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Race Car
Assistant Professor of Mechanical Engineering and club advisor Scott Kessler, PhD, said that most of the club’s time is spent working on the car that they plan to compete with in Formula SAE.

Engineering Club’s race car runs on dreams

Last May, Colorado Mesa University’s Engineering Club took part of a race car of their design to the Michigan International Speedway. They’ll return to the speedway next May, and this time, they’re going to drive.

Each year, 120 collegiate teams compete in Formula SAE, an automotive design competition hosted by SAE International, the professional society for automotive, aerospace and commercial vehicle engineers.

According to the event’s website, teams “conceive, design, fabricate and compete with a small, formula-style competition vehicle. To give teams the maximum design flexibility and the freedom to express their creativity and imaginations, there are very few restrictions on the overall vehicle design.”

Over the course of the three-day competition, vehicles are subjected to static testing — which examines the technical application, presentation, cost and engineering design. They’ll also undergo dynamic testing with a solo performance trial and high performance track endurance.

Assistant Professor of Mechanical Engineering and club advisor Scott Kessler, PhD, said that most of the club’s time is spent working on the car that they plan to compete with in Formula SAE.

Last year, the club brought a “rolling chassis” to Michigan. From the outside it looked like a proper racing vehicle, but it lacked the components that made it drivable.

“There was very little that we outsourced,” said Morgan Ryan, a sophomore mechanical engineering student and vice-president of the Engineering Club. Ryan emphasized that almost all the components for the vehicle were machined and assembled by club members. “It was a decent presentation for what we’d done so far.”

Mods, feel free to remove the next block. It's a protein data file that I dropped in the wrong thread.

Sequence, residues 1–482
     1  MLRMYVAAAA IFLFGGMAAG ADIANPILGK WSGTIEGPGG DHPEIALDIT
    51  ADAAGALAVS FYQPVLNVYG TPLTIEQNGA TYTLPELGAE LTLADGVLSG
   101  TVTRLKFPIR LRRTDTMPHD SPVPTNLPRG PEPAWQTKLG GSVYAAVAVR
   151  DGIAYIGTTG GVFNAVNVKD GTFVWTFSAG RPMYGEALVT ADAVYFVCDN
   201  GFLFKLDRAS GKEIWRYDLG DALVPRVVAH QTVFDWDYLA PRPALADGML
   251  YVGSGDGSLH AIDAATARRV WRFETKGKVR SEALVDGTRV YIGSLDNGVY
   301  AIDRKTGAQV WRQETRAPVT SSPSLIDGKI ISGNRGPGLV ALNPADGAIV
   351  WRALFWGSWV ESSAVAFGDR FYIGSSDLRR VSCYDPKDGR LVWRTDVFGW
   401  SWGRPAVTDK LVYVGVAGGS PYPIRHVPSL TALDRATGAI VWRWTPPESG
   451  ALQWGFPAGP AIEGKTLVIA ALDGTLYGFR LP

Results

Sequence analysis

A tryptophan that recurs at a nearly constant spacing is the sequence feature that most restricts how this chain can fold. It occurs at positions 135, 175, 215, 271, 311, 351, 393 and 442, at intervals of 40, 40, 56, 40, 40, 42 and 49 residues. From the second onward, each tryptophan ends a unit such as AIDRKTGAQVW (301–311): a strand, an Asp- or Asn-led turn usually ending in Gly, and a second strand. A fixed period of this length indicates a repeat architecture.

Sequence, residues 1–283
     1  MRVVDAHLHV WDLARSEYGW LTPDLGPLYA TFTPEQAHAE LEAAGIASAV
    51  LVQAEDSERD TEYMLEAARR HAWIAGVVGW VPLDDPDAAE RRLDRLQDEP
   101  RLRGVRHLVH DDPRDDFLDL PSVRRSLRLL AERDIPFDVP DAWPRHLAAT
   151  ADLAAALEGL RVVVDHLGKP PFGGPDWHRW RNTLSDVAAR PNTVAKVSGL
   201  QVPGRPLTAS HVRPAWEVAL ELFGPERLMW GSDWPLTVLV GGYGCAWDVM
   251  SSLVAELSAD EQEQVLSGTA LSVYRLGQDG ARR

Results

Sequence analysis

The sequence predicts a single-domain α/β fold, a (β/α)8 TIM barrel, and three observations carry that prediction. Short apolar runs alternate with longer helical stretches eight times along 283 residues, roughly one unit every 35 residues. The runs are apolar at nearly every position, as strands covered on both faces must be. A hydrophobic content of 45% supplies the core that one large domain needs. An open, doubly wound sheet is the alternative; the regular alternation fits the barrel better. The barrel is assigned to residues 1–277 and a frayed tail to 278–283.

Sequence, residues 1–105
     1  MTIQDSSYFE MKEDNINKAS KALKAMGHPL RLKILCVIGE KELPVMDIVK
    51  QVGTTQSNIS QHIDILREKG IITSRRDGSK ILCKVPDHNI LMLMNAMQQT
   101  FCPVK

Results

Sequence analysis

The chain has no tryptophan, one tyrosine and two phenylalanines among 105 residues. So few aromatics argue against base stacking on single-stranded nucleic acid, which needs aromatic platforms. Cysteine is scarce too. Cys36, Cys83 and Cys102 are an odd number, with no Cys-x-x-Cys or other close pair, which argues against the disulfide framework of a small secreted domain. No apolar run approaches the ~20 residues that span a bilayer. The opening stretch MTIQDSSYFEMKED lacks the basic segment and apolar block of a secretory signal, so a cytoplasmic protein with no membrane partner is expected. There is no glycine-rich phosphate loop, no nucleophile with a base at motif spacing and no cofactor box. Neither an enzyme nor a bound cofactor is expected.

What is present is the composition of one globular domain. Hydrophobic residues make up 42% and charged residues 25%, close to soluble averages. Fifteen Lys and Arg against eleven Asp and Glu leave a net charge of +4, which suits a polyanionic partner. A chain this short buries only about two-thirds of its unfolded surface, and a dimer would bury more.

The fact that the car couldn’t go didn’t exclude it from the static tests, where it performed better than several fully functioning vehicles. Ryan said only about a quarter of all the competing teams complete the dynamic testing, which includes a 22 km. race.

This year the students are gunning for the Most Improved Team award, but even if they don’t win, they’re already reaping the benefits of being involved in Formula SAE. “When you apply for a job in the automotive industry, they ask how long you’ve been involved with SAE,” Ryan said, noting that companies within the industry pays close attention to the formula competition.

Kessler hopes that CMU will continue participating in the competition as graduates leave the club and new students arrive. He’ll have no problem getting their attention. “Certainly when we bring recruits to the building, it piques their interest when we show them the race car,” he said.

By Evan Linko

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Dana Nunn, Director of Media Relations

dnunn@coloradomesa.edu

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